Unboxing New Stanley 60 1/2 Sweetheart Low Angle Block Plane – A Review

Unboxing New Stanley 60 1/2 Sweetheart Low Angle Block Plane – A Review

Welcome to Crimson Guitars https://www.youtube.com/user/CrimsonCustomGuitars?sub_confirmation=1

Ben Crowe at http://www.crimsonguitars.com loves his hand tools and in particular old Stanley planes. He has been intrigued by the new range of planes being made in Mexico. They look to be aimed directly at the middle market in between the cheap barely functional fare they have made since the 2nd world war, and the high-end hand planes and tools made by the likes of Veritas and Lee Nielson.

So, we ordered a new low angle sweetheart 60 1/2 block plane and this is the unboxing, a review, and, sadly, a fettling video as the sole needed flattening, and in the end, Ben had to sharpen the blade.

Chapters
0:00 Introduction
4:12 The reveal
10:04 The review – black marks – the sole is not perfectly flat at the mouth
the name stamped and not engraved
finish in places not satisfactory
18:44 Ultimately a little disappointing but the plane is substantial and the blade good
19:44 Work to be done – file corner and front edge, and flatten the sole
20:15 Using granite lapping stones to flatten or level the sole and filing the sides
28:41 Cleaning the grease from the mouth and sharpening the blade
31:03 Replacing the blade and checking the plane on a piece of figured Maple
38:09 For the money the plane passes. Comfortable, weighty, and an improvement over
Stanley’s budget planes
41:37 Conclusion
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50 Comments

  1. tob2wood on June 23, 2022 at 9:32 pm

    got one and thank you for sharing how to setting up

  2. insanegeniuses on June 23, 2022 at 9:33 pm

    Thoughts On Hand Plane Sole Flatness –>
    http://www.handplane.com/66/thoughts-on-hand-plane-sole-flatness/

  3. Ray Tillman on June 23, 2022 at 9:34 pm

    The Modern Stanley Sweetheart range are not premium tools, they are mass produced and the quality control is awful. Saying that i have just bought a new Stanley 9 1/2 block plane(not SW) and i have the same problem. Every Stanley plane i have ever owned(i’m a retired Chippie so i have owned a few)has needed fettling , mainly getting the sole flat, Record planes are a bit better, but not much. Unless you are buying premium planes like Veritas or Lie Neilson you will have some work to do, its Parr for the course i’m afraid.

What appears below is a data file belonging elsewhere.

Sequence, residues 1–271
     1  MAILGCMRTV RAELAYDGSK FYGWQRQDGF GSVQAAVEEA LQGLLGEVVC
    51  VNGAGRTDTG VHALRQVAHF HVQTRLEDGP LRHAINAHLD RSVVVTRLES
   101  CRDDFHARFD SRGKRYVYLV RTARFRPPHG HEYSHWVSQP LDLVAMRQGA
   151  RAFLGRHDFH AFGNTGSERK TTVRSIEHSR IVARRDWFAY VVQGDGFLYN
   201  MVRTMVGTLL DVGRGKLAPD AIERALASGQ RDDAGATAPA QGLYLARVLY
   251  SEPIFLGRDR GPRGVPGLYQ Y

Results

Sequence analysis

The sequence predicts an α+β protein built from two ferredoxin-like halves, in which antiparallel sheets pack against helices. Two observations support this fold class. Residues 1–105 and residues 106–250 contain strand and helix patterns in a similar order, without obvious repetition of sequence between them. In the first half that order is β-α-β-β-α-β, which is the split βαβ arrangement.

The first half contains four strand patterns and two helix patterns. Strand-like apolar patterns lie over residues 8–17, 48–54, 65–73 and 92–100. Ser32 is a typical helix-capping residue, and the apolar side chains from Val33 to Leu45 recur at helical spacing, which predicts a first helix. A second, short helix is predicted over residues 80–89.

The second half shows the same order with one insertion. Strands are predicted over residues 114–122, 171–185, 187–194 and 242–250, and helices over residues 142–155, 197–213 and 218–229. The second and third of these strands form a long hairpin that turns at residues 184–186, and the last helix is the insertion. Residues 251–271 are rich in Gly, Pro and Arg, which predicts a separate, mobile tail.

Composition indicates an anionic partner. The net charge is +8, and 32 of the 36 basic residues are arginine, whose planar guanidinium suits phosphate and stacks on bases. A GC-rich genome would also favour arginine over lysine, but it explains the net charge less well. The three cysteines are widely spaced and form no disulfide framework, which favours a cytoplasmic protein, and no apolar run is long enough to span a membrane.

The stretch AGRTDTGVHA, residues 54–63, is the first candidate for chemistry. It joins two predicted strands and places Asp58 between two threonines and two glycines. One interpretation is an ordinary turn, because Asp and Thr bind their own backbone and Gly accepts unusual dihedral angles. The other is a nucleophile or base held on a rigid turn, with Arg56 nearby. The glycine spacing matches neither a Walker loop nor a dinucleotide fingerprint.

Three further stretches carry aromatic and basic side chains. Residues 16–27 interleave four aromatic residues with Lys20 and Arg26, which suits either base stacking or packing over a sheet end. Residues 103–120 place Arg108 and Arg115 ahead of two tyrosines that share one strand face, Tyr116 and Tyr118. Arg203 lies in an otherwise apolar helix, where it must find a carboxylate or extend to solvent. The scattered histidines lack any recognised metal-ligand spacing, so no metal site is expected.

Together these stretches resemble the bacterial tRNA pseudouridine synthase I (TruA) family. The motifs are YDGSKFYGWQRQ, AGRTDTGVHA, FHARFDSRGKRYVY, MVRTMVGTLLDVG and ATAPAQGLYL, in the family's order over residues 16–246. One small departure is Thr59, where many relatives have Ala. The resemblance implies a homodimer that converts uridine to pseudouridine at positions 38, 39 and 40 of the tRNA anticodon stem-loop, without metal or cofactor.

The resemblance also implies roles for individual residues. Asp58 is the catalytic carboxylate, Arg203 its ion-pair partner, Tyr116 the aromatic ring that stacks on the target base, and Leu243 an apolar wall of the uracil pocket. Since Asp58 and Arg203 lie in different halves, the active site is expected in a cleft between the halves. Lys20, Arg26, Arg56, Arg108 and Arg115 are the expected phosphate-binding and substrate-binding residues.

4. J-man72 b on June 23, 2022 at 9:35 pm

    Picked up a Stanley no. 9 1/2 block plane with adjustable throat at an antique shop last year, rusty and neglected, I’ve only done a preliminary cleaning and it’s looking better, I think I’m going to leave most of the patina on the non working surfaces due to it’s age, which is from my research is from the 1920’s, it was missing the lateral adjustment, and I did find the correct looking part on ebay, total cost is about $35 USD, lovely little tool.
    Looks like this one https://vintagetoolshop.com/collections/block-planes/products/vintage-stanley-fully-adjustable-block-plane-no-9-1-2-20812

  5. Jlm Foy on June 23, 2022 at 9:37 pm

    I bought a Stanley 60 1/2 ( not a s/h ) what a stupid thing to do! I tried to throw it away but the sole was so bent it kept coming back. So far I have 3 hours and counting trying to flatten the bloody thing, it has become a quest. I should have sent it back straight away, but people tell you all planes need a little work and now it has had so much work I doubt they would accept it. So please people don’t buy new Stanley planes if you want to preserve your sanity.

  6. amalia adriana on June 23, 2022 at 9:38 pm

    i buy one one month ago ,dont have de problems you saythey fix all that

  7. Lewis Way on June 23, 2022 at 9:40 pm

    I Just picked up a Stanley 12-138 Bailey No.9-1/2 Block Plane. I put in a little set up work and it works great. Also I think they were listing to you and laser engraved the side of the plane now instead of ink stamping.

  8. Bill Anderson on June 23, 2022 at 9:42 pm

    I have some old Stanley block planes (and bench planes) and as you do, I love them. I think however, I am going to invest in one of the new Stanley 601/2 block planes. Even if I have to tweek it, no big deal.

    Thanks so much for the video!

  9. Headknocker on June 23, 2022 at 9:48 pm

    Very disappointing..
    Just not good enough..
    Not for 80-90 quid..

  10. John A Guentner on June 23, 2022 at 9:49 pm

    After watching you struggle just to take it apart, I lost total interest.

  11. Green Building on June 23, 2022 at 9:50 pm

    36 dislikes maybe came from Stanley Staffs and their workers.. it might be.. but i think this is fair and comprehensive review eventhough the video has long duration

  12. adam toth on June 23, 2022 at 9:52 pm